Don’t postpone things just because you’re working remotely. If you need your work environment to be as close to the one you have at the office try to replicate it at home: if you’re used to working at a desk with a proper chair and a screen, sitting on the couch with a laptop may take you out of your groove. If you’re the sort of person who likes change, go for it. Put your feet on the coffee table!
Video and voice
For team meetings, use video whenever possible. It really does make the participants more present.
Avoid communicating in writing about things you’d normally prefer to talk about in person or over the phone. Do a telco or a video meeting. Especially if the subject is potentially difficult or lends itself to negative interpretations.
Always-on video or voice for project work is the extreme choice - great for some, a distraction for others, so use with care. Having an always-on connection with your team or a colleague may bring you closer and give you someone to even have lunch with. If you feel leery about having this kind of connection in your home, you can use it at defined junctures in a project, such as when doing pair programming or going over a particularly challenging issue.
This requires high-quality video and audio equipment. A big screen is essential. Noise from a tiny laptop speaker and a tiny little colleague on a tiny little screen are not something that you want in your space all the time. We've had some good experiences with multi-site teams using always-on video.
Meeting virtually requires more care
Having a meeting with some or all participants “dialing in” requires a little more care and expectations management than sitting in a room together. Make sure that the purpose is clear to everyone. Make sure everyone knows what is expected of them during the meeting. Distributing information about the meeting in advance in writing is a good idea. Always. Take some time to prep and make sure all the tech works. Taking notes and other forms of documentation, such as visualizations, are very important. Use co-creation tools that allow anyone who wants to contribute to do so.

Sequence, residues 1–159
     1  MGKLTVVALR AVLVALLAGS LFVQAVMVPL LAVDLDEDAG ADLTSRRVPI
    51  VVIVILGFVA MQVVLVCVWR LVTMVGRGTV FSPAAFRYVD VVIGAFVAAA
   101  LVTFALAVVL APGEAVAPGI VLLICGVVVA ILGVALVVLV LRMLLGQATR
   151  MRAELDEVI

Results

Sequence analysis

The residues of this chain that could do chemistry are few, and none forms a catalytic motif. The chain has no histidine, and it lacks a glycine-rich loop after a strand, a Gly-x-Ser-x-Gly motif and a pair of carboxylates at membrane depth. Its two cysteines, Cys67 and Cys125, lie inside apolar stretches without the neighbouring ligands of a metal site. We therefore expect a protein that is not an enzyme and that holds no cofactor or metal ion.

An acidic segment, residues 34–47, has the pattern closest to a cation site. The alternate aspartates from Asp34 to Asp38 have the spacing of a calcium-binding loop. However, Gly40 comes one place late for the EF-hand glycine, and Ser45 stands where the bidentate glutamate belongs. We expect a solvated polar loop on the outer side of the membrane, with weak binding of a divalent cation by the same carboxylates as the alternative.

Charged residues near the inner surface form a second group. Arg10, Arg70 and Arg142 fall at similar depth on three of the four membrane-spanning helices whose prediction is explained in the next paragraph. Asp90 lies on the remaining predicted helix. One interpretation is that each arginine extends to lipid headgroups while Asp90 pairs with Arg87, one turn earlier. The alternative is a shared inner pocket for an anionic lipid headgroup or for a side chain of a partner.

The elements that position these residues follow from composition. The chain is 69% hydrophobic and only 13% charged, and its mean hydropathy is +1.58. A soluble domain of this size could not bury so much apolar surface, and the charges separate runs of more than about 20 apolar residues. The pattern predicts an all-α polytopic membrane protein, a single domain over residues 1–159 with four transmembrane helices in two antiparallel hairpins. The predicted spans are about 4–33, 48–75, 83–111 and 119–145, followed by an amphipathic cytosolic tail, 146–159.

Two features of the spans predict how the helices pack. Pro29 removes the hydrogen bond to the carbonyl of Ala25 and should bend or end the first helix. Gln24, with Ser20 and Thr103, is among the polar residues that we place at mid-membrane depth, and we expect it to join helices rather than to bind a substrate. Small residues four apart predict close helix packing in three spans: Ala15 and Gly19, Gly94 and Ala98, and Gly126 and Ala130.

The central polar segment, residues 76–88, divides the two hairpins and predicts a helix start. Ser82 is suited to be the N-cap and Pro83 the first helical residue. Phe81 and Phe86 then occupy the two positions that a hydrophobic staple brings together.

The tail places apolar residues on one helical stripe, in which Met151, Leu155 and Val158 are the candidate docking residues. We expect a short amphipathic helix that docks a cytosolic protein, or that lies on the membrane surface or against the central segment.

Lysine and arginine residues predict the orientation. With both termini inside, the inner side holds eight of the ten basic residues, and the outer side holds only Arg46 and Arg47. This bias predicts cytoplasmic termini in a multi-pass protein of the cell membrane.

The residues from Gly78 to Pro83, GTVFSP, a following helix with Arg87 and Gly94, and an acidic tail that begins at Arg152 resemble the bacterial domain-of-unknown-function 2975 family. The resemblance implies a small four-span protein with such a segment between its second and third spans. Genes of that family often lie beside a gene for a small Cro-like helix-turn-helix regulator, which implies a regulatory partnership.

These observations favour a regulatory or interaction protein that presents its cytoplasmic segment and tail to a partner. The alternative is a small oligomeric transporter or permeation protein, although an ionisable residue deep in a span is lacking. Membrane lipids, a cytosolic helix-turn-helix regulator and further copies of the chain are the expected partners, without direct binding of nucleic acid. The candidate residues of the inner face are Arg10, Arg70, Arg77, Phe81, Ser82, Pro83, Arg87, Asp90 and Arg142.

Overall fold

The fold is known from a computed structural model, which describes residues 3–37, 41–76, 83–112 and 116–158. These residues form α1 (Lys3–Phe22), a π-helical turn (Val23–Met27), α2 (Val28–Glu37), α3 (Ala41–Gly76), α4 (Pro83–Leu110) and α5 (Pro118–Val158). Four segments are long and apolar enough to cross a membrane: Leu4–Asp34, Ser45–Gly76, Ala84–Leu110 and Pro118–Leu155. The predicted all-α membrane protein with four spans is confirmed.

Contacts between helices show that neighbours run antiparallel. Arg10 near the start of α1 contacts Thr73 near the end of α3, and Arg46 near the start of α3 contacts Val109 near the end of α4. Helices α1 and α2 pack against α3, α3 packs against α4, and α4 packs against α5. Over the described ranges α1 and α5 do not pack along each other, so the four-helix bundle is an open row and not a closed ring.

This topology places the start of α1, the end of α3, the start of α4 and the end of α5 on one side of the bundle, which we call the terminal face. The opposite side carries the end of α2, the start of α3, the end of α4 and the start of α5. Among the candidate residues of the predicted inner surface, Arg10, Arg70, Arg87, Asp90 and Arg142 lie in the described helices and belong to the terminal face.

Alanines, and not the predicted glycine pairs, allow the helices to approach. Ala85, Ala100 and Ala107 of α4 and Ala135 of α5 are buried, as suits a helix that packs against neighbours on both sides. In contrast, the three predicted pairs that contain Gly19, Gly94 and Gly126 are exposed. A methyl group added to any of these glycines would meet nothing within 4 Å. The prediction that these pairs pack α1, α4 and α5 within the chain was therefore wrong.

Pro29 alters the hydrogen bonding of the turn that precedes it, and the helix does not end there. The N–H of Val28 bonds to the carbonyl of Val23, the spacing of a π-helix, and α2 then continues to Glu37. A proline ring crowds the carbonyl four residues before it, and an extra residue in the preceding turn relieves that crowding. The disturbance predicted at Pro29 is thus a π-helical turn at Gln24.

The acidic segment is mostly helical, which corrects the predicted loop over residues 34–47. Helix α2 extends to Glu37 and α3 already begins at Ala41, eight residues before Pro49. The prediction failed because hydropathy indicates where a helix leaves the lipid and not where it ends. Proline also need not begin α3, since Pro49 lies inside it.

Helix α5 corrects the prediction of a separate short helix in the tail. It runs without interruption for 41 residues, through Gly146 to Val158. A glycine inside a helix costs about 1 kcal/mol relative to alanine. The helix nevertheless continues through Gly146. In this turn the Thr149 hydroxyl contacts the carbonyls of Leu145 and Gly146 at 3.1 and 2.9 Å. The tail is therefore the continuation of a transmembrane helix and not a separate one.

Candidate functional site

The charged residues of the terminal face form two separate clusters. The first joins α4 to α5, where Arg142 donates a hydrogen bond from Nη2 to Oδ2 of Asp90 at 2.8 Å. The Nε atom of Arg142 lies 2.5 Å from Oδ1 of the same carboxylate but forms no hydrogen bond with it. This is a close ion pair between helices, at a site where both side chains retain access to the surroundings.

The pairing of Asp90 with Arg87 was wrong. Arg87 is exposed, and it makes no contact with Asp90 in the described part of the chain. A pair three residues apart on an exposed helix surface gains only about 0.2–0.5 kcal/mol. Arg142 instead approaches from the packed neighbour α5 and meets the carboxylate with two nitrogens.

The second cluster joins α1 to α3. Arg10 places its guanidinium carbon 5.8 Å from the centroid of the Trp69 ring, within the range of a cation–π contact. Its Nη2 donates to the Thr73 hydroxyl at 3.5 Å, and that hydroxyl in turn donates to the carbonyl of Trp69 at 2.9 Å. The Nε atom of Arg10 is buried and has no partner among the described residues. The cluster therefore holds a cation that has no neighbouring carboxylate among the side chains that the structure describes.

Make sure everyone leaves the meeting with a clear picture of what is expected of them.
Embrace the flex
You don’t have to work 9-to-5. You can decide on different hours based on the needs of the team, client or project.
Please note none of the above means that remote work should strive to totally replicate the office experience. It can’t. Take the parts of the office that help you work and use those.
Reading list (Updated March 17th)
There are some companies that have made a real virtue out of remote work under normal circumstances, creating products that have had a huge impact on the net and even society. We expect the amount of Gabriel Garcia Marquez references to just keep growing and growing... Here are some reading materials recommended by our employees:
Harvard Business Review's talk with Harvard Business School professor Tsedal Neeley about remote work